Oh -- and -- I'm back in Delhicose (to rhyme with "bellicose"). On the transport-bus from the aircraft to the arrival lounge at the airport, the driver chose to open only one of the automatic doors of the bus. Not because it didn't work, just coz he didn't feel like it. When those of us who were trapped at the front of the bus (not wishing to walk the great distance to the back), asked him to oblige, he ignored us, thought he got down from his seat. Then he walked around to the door and gave it a kick, from the outside. It opened. He looked away, scowling absent-mindedly, as we stepped down and out of the vehicle.


Inside the arrival area, the space beside the baggage carousels was like a riot scene. Three flights were being accommodated on one carousel. Passengers were smashing and grabbing for their luggage. I scraped the skin of the pinky finger on my right hand while doing the jerk-and-haul operation for transferring one of my items from the carousel to my trolley.


There was blood on the receipt for my prepaid taxi, when I handed it to the policeman manning the prepaid-taxi-post as my taxi pulled away from the cab-rank. But no-one noticed.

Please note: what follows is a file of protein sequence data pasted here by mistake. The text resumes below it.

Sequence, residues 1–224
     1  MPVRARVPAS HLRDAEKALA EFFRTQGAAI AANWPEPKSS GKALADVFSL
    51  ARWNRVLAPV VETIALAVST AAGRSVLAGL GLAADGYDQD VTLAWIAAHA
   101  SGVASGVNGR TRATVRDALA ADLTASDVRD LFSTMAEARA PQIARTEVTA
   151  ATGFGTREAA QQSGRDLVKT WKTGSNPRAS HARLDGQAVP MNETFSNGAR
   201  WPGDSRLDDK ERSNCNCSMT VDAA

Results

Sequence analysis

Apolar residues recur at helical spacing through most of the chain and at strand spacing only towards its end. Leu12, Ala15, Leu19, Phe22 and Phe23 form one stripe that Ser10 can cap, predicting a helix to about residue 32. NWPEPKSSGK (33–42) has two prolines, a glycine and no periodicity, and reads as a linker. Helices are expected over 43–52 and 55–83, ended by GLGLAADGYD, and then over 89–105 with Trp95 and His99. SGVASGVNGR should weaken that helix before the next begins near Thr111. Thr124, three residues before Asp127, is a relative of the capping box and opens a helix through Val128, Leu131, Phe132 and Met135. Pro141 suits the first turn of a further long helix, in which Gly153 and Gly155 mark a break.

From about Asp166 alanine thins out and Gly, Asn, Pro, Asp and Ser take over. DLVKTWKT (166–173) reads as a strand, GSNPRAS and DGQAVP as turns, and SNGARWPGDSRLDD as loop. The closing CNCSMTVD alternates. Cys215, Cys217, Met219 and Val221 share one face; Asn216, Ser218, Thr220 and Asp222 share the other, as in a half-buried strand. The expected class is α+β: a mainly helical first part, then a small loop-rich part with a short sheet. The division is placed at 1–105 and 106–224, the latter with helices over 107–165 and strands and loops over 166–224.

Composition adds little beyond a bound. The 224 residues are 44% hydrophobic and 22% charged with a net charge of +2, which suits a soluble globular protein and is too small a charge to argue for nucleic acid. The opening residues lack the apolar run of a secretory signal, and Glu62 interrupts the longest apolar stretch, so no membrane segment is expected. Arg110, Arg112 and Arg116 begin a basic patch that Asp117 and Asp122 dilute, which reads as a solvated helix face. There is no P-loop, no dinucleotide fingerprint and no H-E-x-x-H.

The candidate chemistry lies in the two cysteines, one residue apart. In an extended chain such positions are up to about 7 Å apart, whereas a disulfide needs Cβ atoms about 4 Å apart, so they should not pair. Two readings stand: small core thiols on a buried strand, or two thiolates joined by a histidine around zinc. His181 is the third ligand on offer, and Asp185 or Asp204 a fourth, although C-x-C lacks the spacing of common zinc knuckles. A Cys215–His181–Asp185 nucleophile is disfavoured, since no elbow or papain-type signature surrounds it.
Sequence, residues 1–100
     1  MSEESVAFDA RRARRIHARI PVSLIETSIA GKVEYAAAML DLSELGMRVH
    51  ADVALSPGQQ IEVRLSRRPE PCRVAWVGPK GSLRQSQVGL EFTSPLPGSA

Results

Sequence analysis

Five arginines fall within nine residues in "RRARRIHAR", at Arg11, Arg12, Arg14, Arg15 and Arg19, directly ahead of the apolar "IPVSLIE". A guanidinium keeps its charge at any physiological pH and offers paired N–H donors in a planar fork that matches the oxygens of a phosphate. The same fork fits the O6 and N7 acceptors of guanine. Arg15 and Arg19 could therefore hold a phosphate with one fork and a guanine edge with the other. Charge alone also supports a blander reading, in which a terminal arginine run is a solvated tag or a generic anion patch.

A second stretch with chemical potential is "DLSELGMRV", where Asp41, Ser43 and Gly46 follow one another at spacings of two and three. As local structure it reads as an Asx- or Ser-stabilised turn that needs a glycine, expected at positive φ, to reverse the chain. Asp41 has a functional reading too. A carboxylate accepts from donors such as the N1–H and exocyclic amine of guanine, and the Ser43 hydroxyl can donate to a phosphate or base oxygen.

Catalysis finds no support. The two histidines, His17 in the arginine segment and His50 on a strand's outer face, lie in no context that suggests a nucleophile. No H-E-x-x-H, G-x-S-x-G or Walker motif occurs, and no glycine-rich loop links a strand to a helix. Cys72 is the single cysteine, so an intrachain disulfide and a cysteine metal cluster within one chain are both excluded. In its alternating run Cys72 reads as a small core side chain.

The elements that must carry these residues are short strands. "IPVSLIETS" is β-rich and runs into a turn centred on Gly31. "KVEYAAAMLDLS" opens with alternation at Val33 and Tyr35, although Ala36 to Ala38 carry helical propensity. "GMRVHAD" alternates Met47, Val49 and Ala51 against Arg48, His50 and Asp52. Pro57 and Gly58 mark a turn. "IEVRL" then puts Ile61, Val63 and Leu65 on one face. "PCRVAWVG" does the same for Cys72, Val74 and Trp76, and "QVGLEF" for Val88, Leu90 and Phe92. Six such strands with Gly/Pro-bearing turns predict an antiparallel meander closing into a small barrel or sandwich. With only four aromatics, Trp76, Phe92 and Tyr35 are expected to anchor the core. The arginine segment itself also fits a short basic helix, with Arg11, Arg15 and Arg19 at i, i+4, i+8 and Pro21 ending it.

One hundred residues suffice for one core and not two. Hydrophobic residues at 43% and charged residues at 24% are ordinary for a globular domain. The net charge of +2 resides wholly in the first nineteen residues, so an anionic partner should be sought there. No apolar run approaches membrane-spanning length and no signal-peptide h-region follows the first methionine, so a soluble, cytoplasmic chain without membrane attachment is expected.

When I got home, I solicited the cabbie's help to get my cases to the front door -- it's not a major distance, but some louts look the other way, while holding out their hand to be given the receipt (for which they collect the money they're owed for the journey) and also for a possible tip. This one obliged good-naturedly. I had only 1C notes with me and had debated going in to get change. But it was hot and I was tired. So I gave him one. Now -- I know many of you are going to be cursing me for being both lazy and idiotically lavish but -- his face lit up so bright that it just made my day.


Thursday, August 17, 2006

The Kodai WorkShop Report (at long last)